Senate Passes Bill to Keep Postal Service Running

Washington, DC– Today, the United States Senate passed the bipartisan 21st Century Postal Service Act, which reforms the U.S. Postal Service (USPS) and puts it on a path toward solvency. The bill includes an amendment offered by Oregon’s Senator Jeff Merkley and Senator Claire McCaskill (D-MO) that prohibits the closure of rural post offices where such closure would have a substantial impact on small businesses, seniors’ access to medication, and the economic strength of the community. Moreover, the amendment bars the closing of any post office if the next nearest post office is more than 10 road miles away.  

“Today, the Senate worked in a bipartisan fashion to save the postal service America has depended on for over 200 years, and that is a major relief to seniors, small businesses, and rural communities,” Merkley said. “This is not a perfect bill, but it is far better than a wave of post office and processing center closings across Oregon, which is what will happen if we do nothing.  I hope the House will take up our bill without delay and send it to the President, so all the folks in Tiller, Juntura, New Pine Creek, and other communities affected by potential closures can rest easy.” 

The 21st Century Postal Service Act institutes many major reforms to the USPS intended to reduce its expenses, including relaxing pre-funding requirements for retiree health care benefits, returning $11 billion in pension overpayments, and restricting excessive executive compensation.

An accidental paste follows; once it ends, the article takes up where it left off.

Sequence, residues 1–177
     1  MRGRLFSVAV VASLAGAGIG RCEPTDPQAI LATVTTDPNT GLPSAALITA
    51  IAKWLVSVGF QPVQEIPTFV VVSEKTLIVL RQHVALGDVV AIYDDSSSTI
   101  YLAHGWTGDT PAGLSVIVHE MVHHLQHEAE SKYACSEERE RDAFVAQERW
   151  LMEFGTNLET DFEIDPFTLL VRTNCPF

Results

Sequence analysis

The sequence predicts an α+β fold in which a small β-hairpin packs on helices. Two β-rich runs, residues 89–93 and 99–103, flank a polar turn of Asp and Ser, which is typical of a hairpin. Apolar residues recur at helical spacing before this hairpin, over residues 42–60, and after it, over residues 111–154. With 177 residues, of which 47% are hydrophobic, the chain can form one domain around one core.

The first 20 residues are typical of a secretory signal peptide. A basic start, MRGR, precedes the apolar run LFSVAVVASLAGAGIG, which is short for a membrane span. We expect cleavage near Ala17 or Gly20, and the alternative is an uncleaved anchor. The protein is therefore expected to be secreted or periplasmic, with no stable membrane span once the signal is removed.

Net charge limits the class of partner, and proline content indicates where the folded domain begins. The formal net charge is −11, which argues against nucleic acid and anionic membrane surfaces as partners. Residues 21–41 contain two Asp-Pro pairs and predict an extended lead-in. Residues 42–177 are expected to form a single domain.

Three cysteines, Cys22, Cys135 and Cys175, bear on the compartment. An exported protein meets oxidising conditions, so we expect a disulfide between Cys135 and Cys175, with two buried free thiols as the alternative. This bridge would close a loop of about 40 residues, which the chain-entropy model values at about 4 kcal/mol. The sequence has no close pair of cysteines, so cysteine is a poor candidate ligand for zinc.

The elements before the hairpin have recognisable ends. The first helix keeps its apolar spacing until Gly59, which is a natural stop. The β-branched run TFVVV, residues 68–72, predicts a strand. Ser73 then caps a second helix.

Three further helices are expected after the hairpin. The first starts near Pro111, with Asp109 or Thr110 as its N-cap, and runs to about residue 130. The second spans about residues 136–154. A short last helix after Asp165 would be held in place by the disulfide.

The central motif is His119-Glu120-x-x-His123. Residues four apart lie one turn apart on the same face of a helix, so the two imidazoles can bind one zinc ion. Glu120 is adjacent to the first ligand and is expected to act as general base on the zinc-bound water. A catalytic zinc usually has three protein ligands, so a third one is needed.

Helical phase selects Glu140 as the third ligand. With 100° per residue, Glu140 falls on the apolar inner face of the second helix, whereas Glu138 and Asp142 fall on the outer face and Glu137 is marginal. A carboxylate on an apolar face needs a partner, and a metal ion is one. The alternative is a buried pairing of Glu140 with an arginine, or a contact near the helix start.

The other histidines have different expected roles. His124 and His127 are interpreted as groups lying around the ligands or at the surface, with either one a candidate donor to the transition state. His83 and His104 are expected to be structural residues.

It also puts in place minimum service standards to ensure that postal customers receive the service they require.  For example, the bill puts a two year moratorium on ending six-day delivery. The USPS would also have to maintain overnight delivery of first class mail and periodicals that originate and arrive within an area served by the same processing plant. To maintain this standard, USPS would utilize a number of regional processing centers that were previously slated for closure.

Critically, the Senate approved the Merkley-McCaskill Amendment, which protects critical rural post offices in three ways. First, it implements a one year moratorium on the closing of rural post offices. Second, it places a permanent ban on closing any rural post office that is not within 10 road miles of the next nearest post office. Third, when a post office is within 10 miles of the next nearest post office, the USPS would have to ensure that certain conditions are met, such as: 

  • Postal customers must continue to receive substantially similar access to essential services, such as prescription medication and time-sensitive communications that are sent through the mail;
  • Businesses in the community must not suffer substantial economic loss, and the economic loss to the community resulting from the closure must not exceed the savings the Postal Service obtains by closing the post office; and
  • The area served by the post office must have adequate access to wired broadband Internet service.

Last year, the USPS put forward a list of 41 Oregon post offices marked for closure.  Twenty-one were subsequently removed from that list leaving 20 in danger.  Under the Merkley-McCaskill amendment, 11 post offices will be immediately removed from the closure list with strict conditions required to consider closure of the remaining nine.